Wikijunior:The Elements/Neon

Shows the position of Neon on the periodic chart.
Neon's symbol on the Periodic Table

What does it look, feel, taste, or smell like?Edit

Neon is a colorless, odorless gas at room temperature.

How was it discovered?Edit

It was discovered by Scottish chemist William Ramsay and English chemist Morris Travers in 1898 in London, England.

Where did its name come from?Edit

Neon gets its name from Greek neos, meaning "new".

Did You Know?

  • Neon is used in lighting.
  • Neon, when in a plasma state, emits a reddish-orange glow.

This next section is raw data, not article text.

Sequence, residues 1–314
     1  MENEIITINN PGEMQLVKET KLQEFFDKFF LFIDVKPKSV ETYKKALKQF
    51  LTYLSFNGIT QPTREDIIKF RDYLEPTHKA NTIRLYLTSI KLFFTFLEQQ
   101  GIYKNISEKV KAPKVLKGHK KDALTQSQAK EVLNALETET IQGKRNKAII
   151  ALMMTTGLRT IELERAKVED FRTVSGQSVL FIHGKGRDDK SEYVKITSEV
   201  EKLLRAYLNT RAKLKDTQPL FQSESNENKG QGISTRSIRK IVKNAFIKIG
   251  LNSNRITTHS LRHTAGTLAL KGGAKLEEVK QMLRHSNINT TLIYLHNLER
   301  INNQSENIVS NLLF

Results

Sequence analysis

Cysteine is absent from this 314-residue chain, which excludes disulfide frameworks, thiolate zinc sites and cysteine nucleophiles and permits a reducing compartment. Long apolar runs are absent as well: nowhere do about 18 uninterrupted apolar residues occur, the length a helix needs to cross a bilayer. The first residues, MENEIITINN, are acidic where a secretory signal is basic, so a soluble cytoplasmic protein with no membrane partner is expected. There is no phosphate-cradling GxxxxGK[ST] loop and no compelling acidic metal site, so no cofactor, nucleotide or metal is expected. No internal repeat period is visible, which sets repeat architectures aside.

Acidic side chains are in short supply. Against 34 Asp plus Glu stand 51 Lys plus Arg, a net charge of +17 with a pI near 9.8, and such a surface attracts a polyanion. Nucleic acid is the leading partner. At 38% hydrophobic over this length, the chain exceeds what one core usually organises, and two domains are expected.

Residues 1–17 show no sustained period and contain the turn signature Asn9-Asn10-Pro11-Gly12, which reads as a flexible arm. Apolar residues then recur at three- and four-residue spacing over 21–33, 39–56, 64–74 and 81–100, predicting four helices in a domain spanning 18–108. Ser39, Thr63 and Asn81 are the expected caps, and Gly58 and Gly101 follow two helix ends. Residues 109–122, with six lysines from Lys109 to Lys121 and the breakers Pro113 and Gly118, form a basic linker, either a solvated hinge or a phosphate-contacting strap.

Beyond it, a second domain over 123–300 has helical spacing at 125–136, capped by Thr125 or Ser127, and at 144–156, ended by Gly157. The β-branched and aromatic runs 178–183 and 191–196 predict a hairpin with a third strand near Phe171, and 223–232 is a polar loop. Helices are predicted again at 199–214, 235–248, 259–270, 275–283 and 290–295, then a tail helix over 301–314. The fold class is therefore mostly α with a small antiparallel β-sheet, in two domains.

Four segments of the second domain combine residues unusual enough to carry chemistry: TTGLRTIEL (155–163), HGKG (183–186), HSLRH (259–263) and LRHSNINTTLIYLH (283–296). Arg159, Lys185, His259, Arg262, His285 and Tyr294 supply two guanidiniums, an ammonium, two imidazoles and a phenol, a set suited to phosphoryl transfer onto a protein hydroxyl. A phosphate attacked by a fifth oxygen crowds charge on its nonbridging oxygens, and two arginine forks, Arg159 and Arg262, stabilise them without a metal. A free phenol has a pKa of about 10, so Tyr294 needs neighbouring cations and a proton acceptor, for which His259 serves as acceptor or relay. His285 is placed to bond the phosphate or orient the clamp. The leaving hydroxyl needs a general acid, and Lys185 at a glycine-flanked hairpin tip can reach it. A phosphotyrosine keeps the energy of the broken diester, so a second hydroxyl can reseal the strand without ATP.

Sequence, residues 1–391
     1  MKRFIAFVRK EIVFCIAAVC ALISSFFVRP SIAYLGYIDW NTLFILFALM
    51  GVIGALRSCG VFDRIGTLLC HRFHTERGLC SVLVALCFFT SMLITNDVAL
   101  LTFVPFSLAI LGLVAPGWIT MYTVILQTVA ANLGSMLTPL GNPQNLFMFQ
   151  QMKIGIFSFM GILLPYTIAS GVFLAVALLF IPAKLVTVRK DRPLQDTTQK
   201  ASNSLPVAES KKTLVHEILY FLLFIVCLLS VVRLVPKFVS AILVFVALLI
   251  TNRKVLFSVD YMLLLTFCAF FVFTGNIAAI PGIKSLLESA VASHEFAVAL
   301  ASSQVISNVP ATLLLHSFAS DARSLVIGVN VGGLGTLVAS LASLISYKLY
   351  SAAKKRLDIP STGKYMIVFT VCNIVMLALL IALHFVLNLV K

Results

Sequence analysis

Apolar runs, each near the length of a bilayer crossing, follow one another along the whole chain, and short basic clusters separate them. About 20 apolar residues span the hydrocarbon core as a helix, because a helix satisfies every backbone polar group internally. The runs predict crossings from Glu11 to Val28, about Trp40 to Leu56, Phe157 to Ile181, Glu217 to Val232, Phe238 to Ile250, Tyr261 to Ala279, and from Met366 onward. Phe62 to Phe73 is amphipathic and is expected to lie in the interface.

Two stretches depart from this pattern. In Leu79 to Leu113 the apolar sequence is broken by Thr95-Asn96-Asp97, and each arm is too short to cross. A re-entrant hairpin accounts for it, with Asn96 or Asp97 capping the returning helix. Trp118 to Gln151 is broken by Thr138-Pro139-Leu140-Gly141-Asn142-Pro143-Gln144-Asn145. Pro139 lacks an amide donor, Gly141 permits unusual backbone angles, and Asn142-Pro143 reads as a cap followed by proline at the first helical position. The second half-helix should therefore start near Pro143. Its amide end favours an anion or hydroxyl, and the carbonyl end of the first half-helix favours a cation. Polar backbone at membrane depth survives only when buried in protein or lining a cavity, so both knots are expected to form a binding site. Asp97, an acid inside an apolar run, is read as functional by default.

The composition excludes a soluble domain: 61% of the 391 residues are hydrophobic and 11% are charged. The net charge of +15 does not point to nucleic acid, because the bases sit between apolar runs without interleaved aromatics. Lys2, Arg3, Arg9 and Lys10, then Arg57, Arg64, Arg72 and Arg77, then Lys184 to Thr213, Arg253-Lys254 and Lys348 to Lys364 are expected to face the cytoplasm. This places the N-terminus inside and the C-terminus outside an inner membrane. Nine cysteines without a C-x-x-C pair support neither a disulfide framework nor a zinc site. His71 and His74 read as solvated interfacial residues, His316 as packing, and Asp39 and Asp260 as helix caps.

Where is it found?Edit

Neon is a gas that is common in the universe but rare on Earth itself. Neon can be found in the earth's atmosphere, in small amounts. It is the fourth most common element in the atmosphere behind nitrogen, oxygen and argon. Because it is a noble, inert gas, it forms no compounds.

What are its uses?Edit

Neon is used in lighting and some lasers. Below is an example of the characteristic reddish-orange glow emitted by Neon plasma.

 
A lighted sign containing neon

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Is it dangerous?Edit

No. Neon is an inert gas. It is odorless, and has no effects. Neon lights do get hot, though, so you can burn yourself by touching them. Also, breathing in pure neon gas can cause suffocation because it contains no oxygen, which is what your cells need to produce energy.

ReferencesEdit